• Trevor Greenway

How did we get here?

How is it that hundreds of single family homes can be erected in Chelsea in what seems like just a few years, but it has taken over 10 to build just 12 seniors’ units in Farm Point?


How is that 22 kilometres of railway can be converted into a $2.23 million trail for cyclists and pedestrians in a little over three years, but it has taken over 10 years to build just 12 seniors’ units in Farm Point?


How is it that politicians and advocates can voice a “screaming need” for a strategy for seniors for decades, yet it has taken 10 years to build just 12 seniors’ units in Farm Point?


And while those 12 units are slowly becoming a reality, it will be a drop in the bucket for the region’s aging population. This bandaid in Farm Point won’t even cover the giant wound that has been festering for decades in the MRC des Collines-de-l’Outaouais — and the reality is that a lot of seniors won’t be able to grow old in Chelsea. They just won’t.


According to data from La Table de développement social des Collines-de-l’Outaouais, there are just 162 social and private seniors homes in the MRC des Collines region — and exactly zero in Chelsea. With a rapidly-aging population – 6,366 citizens in the region over the age of 65 – the situation is nearing a crisis, if not there already. But what can we do? How did we get here?


If you ask outgoing Chelsea Mayor Caryl Green, she’ll argue that bureaucracy has been the main hurdle — especially the three-year moratorium Quebec placed on building permits following the deadly fire in L’Isle-Verte in 2014 that killed 32 seniors.

But that moratorium was lifted in 2017. How many homes went up in Chelsea since then?


Chelsea could have, absolutely should have, mandated developers to include a certain number of affordable rental options within their expensive developments and, in fact, Mayor Green confirmed that the next council will consider that approach, but this should have been mandated 10 years ago.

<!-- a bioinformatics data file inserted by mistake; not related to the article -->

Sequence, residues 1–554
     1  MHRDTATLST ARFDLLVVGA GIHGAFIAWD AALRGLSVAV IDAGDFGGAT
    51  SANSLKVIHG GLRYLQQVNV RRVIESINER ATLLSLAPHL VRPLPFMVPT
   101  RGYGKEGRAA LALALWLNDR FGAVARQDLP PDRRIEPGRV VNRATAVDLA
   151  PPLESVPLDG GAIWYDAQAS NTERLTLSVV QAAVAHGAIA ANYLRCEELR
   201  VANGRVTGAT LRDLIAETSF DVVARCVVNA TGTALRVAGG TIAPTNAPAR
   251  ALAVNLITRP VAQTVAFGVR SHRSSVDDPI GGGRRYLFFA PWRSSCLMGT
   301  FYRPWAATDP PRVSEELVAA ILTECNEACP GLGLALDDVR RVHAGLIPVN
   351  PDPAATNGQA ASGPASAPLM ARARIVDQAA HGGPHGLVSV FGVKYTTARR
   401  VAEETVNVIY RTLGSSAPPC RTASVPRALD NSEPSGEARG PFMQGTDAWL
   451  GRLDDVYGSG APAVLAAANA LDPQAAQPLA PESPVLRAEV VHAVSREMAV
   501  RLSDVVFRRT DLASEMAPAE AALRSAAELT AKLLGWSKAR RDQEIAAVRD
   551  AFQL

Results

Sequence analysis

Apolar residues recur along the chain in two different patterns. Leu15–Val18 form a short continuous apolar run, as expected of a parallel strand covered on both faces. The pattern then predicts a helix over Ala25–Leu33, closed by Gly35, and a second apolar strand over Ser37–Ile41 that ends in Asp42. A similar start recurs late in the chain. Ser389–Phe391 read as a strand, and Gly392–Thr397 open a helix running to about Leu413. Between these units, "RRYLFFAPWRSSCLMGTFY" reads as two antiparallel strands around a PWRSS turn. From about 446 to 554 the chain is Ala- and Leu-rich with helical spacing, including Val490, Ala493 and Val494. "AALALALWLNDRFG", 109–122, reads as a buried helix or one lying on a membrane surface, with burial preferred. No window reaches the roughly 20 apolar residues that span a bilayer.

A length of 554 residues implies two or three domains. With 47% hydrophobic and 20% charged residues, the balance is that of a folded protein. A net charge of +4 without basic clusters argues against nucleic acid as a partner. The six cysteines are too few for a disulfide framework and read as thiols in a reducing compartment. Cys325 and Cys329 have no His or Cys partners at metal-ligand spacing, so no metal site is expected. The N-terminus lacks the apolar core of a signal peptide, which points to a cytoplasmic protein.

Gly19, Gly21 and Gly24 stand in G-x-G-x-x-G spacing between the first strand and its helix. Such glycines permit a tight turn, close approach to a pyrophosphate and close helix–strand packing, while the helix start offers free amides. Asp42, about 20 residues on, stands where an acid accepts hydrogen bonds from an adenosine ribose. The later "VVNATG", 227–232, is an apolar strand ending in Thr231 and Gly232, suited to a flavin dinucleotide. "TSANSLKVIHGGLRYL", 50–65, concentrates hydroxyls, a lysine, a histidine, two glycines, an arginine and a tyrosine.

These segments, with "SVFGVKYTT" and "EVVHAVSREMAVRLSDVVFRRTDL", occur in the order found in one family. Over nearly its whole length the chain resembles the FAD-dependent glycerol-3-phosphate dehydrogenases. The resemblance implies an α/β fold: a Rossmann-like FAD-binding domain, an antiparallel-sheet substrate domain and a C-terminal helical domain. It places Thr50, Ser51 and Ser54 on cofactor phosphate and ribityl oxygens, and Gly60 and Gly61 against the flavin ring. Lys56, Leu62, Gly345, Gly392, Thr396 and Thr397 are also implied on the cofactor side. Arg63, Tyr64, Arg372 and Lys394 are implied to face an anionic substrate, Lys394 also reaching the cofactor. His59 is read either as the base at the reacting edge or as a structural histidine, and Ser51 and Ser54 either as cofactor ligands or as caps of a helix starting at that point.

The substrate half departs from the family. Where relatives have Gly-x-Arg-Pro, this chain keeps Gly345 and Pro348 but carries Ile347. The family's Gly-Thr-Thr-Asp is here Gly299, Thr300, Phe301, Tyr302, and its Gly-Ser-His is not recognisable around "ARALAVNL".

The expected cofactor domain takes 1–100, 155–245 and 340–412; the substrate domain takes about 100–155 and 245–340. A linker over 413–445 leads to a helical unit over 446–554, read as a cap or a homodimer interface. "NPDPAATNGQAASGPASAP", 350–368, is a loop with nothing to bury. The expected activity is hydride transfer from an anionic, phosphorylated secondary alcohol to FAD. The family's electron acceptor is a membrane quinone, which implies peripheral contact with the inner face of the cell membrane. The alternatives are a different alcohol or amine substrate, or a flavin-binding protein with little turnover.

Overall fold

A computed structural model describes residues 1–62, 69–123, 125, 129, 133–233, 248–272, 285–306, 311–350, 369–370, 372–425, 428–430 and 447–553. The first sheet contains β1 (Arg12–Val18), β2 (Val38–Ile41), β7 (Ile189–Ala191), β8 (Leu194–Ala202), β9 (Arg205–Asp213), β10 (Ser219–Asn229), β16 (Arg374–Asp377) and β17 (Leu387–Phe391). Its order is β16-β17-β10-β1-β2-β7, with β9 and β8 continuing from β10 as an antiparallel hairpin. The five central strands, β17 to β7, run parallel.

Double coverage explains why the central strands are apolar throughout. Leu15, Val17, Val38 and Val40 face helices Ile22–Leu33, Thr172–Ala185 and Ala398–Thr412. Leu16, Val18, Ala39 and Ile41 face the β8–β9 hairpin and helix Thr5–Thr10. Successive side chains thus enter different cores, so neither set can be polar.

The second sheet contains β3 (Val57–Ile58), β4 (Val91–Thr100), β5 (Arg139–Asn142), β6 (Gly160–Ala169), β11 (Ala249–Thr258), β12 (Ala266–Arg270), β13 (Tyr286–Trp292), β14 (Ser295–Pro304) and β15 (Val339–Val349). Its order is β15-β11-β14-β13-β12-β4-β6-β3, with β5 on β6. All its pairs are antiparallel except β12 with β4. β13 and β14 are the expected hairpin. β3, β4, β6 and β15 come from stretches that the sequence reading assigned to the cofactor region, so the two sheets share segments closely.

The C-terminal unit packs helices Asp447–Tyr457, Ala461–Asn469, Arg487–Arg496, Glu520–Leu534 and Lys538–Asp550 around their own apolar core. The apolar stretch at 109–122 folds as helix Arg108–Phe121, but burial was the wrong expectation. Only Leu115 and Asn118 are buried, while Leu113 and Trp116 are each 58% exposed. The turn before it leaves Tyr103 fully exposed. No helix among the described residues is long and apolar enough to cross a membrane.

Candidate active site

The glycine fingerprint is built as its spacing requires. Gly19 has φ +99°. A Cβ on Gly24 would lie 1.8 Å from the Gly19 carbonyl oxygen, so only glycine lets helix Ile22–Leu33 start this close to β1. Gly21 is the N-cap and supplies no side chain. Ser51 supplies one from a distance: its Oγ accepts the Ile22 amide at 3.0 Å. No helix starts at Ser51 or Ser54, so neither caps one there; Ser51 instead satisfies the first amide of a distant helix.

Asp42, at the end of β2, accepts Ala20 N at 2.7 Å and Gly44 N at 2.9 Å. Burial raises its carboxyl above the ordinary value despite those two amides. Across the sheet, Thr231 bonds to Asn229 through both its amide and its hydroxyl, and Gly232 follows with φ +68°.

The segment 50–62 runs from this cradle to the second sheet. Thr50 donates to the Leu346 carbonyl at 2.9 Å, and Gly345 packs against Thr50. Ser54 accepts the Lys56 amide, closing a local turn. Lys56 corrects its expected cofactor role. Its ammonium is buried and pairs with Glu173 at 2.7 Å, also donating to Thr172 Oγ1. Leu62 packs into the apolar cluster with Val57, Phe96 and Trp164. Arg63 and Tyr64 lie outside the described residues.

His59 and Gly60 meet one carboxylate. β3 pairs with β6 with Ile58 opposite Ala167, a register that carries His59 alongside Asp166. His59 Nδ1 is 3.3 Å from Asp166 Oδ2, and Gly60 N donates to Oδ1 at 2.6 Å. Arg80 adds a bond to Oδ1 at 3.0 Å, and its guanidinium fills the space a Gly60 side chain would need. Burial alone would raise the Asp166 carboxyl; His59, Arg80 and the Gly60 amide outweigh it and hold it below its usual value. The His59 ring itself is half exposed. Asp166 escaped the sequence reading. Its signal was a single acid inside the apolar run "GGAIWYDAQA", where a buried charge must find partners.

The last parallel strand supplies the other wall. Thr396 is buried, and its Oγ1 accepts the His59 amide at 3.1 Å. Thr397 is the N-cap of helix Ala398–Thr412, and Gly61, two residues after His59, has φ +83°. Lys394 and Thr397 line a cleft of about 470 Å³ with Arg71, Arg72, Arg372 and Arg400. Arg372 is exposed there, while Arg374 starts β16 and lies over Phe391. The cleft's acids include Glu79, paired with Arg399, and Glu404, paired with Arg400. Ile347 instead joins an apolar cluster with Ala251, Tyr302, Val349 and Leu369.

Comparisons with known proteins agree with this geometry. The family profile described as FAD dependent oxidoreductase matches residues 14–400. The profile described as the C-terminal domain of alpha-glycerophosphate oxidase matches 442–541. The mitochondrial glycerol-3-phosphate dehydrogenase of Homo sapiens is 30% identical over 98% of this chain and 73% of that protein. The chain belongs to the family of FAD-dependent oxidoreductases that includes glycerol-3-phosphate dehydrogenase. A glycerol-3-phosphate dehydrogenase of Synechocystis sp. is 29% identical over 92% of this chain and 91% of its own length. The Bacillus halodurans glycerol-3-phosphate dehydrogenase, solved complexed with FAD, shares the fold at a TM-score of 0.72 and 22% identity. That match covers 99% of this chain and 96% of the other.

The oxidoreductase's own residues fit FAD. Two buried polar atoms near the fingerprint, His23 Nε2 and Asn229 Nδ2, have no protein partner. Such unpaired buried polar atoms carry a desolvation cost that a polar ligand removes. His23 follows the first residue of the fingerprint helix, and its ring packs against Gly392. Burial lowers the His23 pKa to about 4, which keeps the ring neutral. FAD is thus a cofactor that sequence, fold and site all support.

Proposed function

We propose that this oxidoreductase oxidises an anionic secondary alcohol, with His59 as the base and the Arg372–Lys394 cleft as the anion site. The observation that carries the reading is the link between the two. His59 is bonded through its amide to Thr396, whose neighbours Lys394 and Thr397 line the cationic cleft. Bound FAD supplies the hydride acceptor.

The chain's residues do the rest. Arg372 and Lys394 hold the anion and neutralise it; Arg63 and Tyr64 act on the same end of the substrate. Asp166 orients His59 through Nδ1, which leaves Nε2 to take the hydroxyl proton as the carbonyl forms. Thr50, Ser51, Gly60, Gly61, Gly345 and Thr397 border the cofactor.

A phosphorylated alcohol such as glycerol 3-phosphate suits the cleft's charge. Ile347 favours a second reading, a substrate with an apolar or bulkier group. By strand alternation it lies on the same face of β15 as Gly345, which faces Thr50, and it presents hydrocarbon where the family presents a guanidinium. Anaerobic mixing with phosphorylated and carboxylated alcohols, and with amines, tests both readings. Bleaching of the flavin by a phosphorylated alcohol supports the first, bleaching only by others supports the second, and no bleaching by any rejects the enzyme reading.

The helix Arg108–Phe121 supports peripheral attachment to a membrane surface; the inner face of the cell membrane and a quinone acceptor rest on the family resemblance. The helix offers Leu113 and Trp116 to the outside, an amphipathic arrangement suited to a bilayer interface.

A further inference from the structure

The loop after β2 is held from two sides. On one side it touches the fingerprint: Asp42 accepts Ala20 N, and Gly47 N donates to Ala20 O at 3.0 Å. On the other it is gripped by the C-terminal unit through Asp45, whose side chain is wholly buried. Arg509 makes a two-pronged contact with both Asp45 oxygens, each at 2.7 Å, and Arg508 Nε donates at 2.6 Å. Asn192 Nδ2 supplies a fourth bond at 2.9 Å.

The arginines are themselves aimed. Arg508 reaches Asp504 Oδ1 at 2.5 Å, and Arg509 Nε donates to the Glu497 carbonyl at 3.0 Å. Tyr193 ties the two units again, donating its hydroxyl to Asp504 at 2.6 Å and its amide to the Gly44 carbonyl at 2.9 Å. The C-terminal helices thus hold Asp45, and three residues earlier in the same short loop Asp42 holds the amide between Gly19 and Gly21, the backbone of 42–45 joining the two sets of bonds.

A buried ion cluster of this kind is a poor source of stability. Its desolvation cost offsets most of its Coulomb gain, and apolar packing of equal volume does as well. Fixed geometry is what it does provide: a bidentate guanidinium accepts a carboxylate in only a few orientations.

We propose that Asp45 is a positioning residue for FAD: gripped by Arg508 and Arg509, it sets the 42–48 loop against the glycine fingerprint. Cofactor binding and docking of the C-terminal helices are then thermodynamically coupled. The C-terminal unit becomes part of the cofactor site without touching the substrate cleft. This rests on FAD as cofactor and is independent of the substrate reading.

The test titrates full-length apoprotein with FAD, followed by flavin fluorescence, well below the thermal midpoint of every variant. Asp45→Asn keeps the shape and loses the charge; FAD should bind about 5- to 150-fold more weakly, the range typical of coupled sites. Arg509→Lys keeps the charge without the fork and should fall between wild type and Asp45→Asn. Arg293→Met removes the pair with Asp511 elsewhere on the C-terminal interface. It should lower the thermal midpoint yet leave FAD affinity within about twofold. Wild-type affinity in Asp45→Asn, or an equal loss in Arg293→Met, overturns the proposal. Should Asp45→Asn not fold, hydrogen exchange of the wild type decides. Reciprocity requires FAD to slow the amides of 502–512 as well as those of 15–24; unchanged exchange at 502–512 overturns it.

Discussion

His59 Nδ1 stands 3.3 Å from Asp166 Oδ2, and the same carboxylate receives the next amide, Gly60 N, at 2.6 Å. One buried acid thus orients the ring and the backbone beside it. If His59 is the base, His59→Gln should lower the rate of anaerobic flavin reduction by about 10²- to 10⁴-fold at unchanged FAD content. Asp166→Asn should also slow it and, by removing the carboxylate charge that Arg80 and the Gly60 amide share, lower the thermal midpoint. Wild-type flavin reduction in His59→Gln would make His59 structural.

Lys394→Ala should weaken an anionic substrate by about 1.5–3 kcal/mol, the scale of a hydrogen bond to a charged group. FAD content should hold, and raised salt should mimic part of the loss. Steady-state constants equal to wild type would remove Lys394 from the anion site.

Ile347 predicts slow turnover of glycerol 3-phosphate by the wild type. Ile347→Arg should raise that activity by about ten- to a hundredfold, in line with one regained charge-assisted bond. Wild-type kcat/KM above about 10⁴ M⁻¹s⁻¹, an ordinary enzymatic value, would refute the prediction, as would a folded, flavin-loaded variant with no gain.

Sure, there are some projects on the table that will help alleviate some of the pressure that older folks will be facing in Chelsea – 60 seniors’ units within the Quartier Meredith development near the village post office and up to 200 rental-only units in phase two of the Chelsea Creek project – but even this is not enough.


For Chelsea to improve the housing landscape for seniors, it’s important to understand what is at stake. If this trend continues, the majority of seniors in Chelsea will be forced to move out of the municipality and into bigger cities where there are more services, facilities, and beds. Think about what that means.


It means Chelsea will be losing out on people like André and Diane Renaud, who are the very definition of community builders. Are we going to tell André, former councillor and mayor of Chelsea, that he can’t grow old in his own community? Are we going to tell him – the person who founded Wakefield Palliative Care Home, who single-handedly saved the hospital from closure in the 1980s, and who was the chairman of the Wakefield Hospital Board – that he has to leave?


It’s time for Chelsea to start giving back to the many seniors that have given their entire lives to this community.